Results and discussion

The solar eclipse of 21 June 2020, at Jaipur, northwestern India, started at 10:14 a.m. (IST) and ends at 01:44 p.m. (IST) with maximum solar coverage (88.1%) at 11:55 a.m. (IST) over the observation site. This solar eclipse occurred more than 3 h over Jaipur. The changes in meteorological parameters and trace gases during a solar eclipse are discussed in this section.

1) Impact of the annular solar eclipse on Solar Radiation

Figure 2 shows the temporal variation of SDR during the eclipse at Jaipur. The value of SDR varies between 706 and 79 W/m2 during the eclipse. As the percentage of Sun’s covered area started to increase, SDR started to decrease. For the maximum Sun coverage (88.1%), the SDR was reduced to 79 W/m2 at the maximum peak of the solar eclipse at 11:55 a.m. The SDR’s comparative analysis is also done a day before and after the solar eclipse. Figure 3 shows the variation of SDR during the solar eclipse and the day before and after the event. A strong dip was observed in average SDR during annular eclipse day (384.16 W/m2) concerning previous (400.81 W/m2) and after day (406.45 W/m2) of the event (Figure 3).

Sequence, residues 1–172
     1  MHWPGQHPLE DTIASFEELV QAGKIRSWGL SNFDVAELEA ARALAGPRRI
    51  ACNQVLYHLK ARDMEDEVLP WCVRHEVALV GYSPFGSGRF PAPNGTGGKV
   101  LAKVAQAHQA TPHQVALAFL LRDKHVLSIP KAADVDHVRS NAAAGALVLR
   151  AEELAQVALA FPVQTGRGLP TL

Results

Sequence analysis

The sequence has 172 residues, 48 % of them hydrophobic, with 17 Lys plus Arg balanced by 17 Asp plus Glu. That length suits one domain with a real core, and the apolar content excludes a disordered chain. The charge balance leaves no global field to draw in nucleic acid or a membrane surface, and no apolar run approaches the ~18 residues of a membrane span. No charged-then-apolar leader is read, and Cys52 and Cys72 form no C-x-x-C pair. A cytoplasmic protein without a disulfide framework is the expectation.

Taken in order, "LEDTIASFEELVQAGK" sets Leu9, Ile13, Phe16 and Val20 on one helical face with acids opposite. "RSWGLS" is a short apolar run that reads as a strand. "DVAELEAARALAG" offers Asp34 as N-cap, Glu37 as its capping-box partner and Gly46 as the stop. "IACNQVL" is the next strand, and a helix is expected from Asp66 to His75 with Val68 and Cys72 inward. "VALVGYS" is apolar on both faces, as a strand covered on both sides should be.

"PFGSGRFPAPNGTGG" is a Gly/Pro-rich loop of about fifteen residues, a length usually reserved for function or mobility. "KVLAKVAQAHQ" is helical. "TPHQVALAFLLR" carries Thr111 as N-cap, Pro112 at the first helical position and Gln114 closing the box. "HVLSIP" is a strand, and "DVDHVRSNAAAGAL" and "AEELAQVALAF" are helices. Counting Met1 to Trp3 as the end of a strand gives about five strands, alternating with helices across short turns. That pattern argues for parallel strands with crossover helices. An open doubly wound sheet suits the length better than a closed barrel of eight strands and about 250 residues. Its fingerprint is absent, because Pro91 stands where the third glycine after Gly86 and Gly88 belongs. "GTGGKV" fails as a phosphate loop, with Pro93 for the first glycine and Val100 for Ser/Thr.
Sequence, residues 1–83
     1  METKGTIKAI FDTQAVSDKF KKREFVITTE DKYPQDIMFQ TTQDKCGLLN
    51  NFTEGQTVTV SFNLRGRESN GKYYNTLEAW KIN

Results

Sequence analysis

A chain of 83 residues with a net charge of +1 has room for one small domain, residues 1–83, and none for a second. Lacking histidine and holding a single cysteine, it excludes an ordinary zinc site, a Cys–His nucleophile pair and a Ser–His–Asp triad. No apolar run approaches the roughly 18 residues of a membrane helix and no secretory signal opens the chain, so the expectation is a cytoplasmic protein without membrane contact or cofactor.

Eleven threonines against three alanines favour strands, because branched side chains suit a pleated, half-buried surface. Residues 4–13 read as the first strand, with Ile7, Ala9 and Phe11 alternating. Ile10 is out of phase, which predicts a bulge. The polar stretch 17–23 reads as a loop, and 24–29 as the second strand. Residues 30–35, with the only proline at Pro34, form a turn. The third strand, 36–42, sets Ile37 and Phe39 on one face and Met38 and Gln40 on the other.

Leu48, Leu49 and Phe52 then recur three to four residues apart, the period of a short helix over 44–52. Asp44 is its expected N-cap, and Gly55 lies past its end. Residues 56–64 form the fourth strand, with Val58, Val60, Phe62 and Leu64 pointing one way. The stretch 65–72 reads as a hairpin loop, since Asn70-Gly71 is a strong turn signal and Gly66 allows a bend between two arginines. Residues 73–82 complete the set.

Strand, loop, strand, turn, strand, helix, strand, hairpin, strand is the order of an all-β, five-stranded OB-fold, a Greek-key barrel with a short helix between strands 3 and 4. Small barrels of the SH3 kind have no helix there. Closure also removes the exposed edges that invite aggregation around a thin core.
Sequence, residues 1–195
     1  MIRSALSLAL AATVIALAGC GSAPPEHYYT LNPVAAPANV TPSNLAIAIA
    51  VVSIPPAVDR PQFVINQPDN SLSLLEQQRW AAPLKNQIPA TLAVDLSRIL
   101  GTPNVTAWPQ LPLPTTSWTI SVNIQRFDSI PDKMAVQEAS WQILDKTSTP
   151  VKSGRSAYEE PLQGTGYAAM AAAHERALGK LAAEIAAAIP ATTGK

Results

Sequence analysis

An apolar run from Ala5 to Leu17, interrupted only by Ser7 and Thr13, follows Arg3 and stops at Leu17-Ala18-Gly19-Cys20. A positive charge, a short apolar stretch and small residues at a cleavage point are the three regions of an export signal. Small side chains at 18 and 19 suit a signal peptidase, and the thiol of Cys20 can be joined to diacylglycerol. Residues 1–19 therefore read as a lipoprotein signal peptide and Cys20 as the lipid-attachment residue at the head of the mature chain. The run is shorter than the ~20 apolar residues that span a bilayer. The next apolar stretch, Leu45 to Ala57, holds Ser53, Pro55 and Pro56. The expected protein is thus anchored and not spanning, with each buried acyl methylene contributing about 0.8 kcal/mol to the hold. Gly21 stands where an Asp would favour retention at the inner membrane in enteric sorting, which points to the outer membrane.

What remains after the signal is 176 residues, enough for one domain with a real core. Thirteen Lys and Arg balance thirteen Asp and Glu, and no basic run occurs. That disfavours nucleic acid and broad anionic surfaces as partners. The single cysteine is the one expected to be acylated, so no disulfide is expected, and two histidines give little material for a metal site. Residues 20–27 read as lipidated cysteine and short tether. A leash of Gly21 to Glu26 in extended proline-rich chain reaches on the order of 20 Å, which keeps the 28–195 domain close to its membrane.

FIGURE 2
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FIGURE 2. Temporal variations (10:15 a.m. to 1:45 p.m.) of SDR during the solar eclipse at Jaipur.

FIGURE 3
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FIGURE 3. Temporal variations (6 AM to 7 PM) of SDR during the solar eclipse, a day before and a day after the event.

The statistical analysis of the observed value was carried out to understand variation in SDR with Ts and RH as shown in Table 1. From Table 1, it can be seen that the maximum and average SDR during solar eclipse day is found to be low than on other days during study period.

2) Meteorological parameters during an annular solar eclipse

TABLE 1
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TABLE 1. Statistical analysis of observed parameters.